Content tagged with "September 2011 - Issue 6 Volume 1"
September 23Victims’ rights are human rights.
Human rights are those basic rights and freedoms to which all people are entitled. Common sense tells us that victims of stalking deserve to be protected; co-victims of homicide are entitled to an opportunity to speak about the impact of the crime; child-victims should have their privacy protected; and all victims deserve to be treated with dignity, fairness, and respect throughout the criminal justice process.
Every time we endeavor to protect, enforce, or advance victims’ rights we are ensuring that victims are afforded basic human rights.
September 23Sarah Hays is a dual degree candidate in Law and Conflict & Dispute Resolution at the University of Oregon School of Law who interned with NCVLI’s Safeguarding Child-Victims’ Rights Initiative during the summer of 2011.
September 23Dear Victims’ Rights Community,
This summer, we were honored to work with incredibly talented and passionate members of our community. In this issue you will learn about some of these people: the law student interns who spent their summers working on behalf of victims and the many local community members who came to our Community Open House to show support for and get further involved with NCVLI and our partner clinic, the Oregon Crime Victims Law Center. We were also fortunate to work with some of the premier victims’ rights attorneys in the country, who served as pro bono local counsel this summer in groundbreaking victims’ rights cases reaching all levels of the court system - trial courts, state supreme courts, and the United States Supreme Court. Practitioners on the ground around the country ensure that victim voices are heard, moving the courts toward recognizing these rights as fundamental human rights. In this issue’s segment on rights we discuss the importance of viewing crime victims’ rights through a human rights lens. Watch our next issue for spotlights of pro bono attorneys who brought these fundamental rights to the attention of the courts in critical victims’ rights cases this summer!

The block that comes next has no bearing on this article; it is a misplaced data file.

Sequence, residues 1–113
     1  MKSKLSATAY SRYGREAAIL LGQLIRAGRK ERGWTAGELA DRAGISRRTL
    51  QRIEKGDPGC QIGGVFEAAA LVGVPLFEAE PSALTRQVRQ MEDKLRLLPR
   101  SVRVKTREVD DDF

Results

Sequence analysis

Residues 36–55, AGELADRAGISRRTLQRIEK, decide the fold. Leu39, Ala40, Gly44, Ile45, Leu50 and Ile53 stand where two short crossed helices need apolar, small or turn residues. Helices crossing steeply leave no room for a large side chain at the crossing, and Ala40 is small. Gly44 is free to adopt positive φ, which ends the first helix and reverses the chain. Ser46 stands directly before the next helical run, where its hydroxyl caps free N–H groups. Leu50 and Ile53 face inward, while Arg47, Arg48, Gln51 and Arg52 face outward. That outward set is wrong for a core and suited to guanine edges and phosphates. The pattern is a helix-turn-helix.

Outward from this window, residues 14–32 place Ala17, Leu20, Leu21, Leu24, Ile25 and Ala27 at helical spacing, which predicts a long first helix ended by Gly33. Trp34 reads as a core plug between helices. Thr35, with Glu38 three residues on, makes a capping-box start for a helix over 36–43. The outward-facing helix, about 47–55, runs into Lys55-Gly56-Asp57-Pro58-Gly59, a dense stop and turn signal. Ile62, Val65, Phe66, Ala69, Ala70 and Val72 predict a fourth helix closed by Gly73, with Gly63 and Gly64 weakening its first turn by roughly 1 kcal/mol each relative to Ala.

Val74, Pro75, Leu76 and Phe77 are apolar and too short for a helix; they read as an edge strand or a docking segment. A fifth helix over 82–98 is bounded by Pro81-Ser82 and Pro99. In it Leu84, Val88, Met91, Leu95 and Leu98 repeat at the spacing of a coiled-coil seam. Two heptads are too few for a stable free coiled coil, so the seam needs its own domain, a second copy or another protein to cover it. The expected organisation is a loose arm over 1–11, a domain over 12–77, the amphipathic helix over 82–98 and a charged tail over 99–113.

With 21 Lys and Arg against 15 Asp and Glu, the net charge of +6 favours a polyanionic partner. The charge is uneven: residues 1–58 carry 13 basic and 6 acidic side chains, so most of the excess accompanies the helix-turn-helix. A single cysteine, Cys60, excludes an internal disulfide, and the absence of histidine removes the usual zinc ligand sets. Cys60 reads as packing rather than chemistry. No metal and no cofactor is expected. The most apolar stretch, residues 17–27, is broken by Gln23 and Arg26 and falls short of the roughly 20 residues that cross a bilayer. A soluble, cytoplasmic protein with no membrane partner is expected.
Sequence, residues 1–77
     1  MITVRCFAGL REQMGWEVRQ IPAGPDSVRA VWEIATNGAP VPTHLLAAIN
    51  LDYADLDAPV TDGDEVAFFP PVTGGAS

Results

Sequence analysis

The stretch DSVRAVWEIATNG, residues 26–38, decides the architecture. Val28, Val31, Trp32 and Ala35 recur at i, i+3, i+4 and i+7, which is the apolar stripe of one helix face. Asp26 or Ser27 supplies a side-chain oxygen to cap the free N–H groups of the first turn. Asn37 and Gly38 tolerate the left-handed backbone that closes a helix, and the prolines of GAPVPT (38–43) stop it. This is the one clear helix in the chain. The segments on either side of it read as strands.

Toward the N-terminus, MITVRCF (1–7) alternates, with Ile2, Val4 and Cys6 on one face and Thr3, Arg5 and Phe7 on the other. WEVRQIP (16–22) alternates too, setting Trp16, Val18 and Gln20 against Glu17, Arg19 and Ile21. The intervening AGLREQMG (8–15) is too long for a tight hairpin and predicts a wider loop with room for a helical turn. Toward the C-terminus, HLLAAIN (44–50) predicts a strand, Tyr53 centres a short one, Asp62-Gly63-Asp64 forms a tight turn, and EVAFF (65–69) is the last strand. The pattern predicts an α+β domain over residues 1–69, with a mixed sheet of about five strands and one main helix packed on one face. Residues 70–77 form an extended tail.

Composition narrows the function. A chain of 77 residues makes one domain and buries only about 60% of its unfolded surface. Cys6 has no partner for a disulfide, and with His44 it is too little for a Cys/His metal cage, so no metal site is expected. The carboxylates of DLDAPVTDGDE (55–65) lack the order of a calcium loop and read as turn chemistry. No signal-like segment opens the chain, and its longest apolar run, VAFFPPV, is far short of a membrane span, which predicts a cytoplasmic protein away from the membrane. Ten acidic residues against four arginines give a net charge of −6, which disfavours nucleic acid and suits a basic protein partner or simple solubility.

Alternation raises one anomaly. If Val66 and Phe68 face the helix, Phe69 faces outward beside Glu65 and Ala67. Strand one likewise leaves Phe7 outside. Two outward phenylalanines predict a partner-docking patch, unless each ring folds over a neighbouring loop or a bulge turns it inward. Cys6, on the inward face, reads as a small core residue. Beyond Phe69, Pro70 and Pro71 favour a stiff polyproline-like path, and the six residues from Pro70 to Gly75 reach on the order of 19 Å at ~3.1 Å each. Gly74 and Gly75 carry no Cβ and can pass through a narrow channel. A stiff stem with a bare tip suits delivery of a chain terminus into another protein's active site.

September 8On September 1st, NCVLI and our partner clinic, the Oregon Crime Victims Law Center (OCVLC), hosted an Open House for the community to learn about how to get involved with victims’ rights. Speakers included Lewis & Clark Law School Dean Robert Klonoff, NCVLI Executive Director Meg Garvin, OCVLC Legal Director Janine Robben, and community members who have donated time as interns and pro bono attorneys. To learn more and see the pictures from this event, click here.